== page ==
Open Shelf generally does not publish articles that have been published elsewhere, except under unusual circumstances.
Photographs and Illustrations
Please supply photographs and illustrations as attachments to email. Photos must be saved as a TIFF, GIF, or EPS, and in colour with a good tonal range. Please identify the subject, activity, place, and other relevant details shown in the photo, and provide a brief text for a caption. The same applies to other illustrative material such as drawings, prints, graphs, charts, etc. All submitted material is subject to editing.
Style, Spelling, Usage, Format
Open Shelf uses Canadian spelling based on the latest edition of the Canadian Oxford Dictionary (2nd edition, 2004) and follows the style guidelines of the Canadian Press Stylebook (17th edition, 2013). See also Appendix 2 of this document for detailed guidelines and examples on general house style and usage.
Reading online is different than reading print. As a result, writing for online is different as well. Shorter sentences and shorter paragraphs are more effective online. Subheadings are encouraged to break up your text into logical sections (e.g. one subheading for every three or four paragraphs). Highly recommended as a guide: How to Write Short: Word Craft for Fast Times by Roy Peter Clark (2013).
Open Shelf is a general magazine not a scholarly journal. References should generally be unnecessary and avoided. If your article does require citation of sources provide them within the text of your article, column, etc., with as much or as little bibliographic information as necessary for identification (see examples below). Include a URL where available and appropriate. Links as part of your text to external sources are encouraged but should be used sparingly (broken links frustrate readers and are time consuming to track down).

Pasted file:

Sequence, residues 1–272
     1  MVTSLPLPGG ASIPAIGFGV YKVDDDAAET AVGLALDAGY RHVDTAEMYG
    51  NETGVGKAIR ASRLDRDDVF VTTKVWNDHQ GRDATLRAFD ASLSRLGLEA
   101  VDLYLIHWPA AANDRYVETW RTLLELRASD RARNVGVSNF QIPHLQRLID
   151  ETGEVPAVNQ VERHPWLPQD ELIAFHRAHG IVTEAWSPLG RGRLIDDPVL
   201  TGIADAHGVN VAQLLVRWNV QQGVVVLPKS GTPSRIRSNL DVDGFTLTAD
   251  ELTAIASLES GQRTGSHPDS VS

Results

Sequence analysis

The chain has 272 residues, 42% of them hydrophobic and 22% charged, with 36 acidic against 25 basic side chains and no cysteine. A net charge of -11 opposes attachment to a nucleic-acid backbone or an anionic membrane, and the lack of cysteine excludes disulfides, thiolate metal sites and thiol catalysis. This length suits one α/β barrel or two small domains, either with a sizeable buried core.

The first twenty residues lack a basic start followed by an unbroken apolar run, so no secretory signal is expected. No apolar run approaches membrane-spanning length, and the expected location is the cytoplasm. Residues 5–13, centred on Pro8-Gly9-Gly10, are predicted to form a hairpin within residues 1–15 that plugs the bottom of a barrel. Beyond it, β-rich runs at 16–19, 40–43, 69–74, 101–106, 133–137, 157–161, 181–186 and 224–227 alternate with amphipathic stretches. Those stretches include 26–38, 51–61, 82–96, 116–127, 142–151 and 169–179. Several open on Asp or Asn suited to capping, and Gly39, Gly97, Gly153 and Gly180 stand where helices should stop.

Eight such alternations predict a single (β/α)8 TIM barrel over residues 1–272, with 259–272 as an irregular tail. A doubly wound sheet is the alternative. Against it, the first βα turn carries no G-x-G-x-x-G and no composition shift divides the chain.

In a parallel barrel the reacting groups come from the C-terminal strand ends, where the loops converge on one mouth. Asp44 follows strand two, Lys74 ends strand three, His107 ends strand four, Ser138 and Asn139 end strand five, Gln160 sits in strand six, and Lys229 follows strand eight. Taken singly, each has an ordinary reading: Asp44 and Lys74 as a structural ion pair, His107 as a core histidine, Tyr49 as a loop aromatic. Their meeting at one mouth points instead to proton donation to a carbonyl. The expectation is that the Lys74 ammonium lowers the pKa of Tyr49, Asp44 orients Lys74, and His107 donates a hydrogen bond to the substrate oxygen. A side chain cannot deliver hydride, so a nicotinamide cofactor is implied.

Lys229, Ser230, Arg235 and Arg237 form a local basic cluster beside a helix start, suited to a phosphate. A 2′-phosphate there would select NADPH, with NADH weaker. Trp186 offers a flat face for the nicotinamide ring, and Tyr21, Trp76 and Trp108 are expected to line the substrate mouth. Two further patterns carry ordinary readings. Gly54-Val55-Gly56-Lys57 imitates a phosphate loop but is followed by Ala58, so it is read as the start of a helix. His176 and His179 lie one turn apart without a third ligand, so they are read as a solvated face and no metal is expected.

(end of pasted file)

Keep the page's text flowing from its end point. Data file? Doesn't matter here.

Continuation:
If you do feel that the works you cite require full identification, please provide a list of them in bibliography style at the end of the article, formatted according to the latest APA Style (6th edition, 2009). If you have any questions about the details, please feel free to contact the editors.
Format of References
Following are some examples of in-text references:
article in a journal
As Karen Wallace mentions in her article in Feliciter in 2007, “Marketing Mindset: Focusing on the Customer, from Technical Services to Circulation,” …
article in an electronic journal
David Fox reports in “The Scholarship of Canadian Research University Librarians” (Partnership, 2007) that …
chapter in a book
Paul S. Piper says that … (“Google and Privacy,” in Libraries and Google).
Sharron Smith’s and Maureen O’Connor’s book, Canadian Fiction: A Guide to Reading Interests, provides …
The list of specific items below are part of the “house style” of Open Shelf (some of which may disagree with Oxford and Canadian Press):
numbers and dates
words one to nine, numerals 10 and up
spell out common fractions below 1
19th (not superscript)
$11 billion (US)
March 23, 2010
20 degrees C
serial comma (i.e., comma after second-last item in lists of three or more items).
en-dash with space on either side ( — ).
spaces between initials (e.g., J. K. Rowling).
space before and after, but no full spaces between periods of ellipses
( … ).
no space on either side of slash/virgule.
no terminal punctuation at ends of bulleted list items (unless it is a question mark or other non-period).
no “http://www” before internet addresses unless necessary.
lowercase in email addresses.
net (the internet)
web (the internet)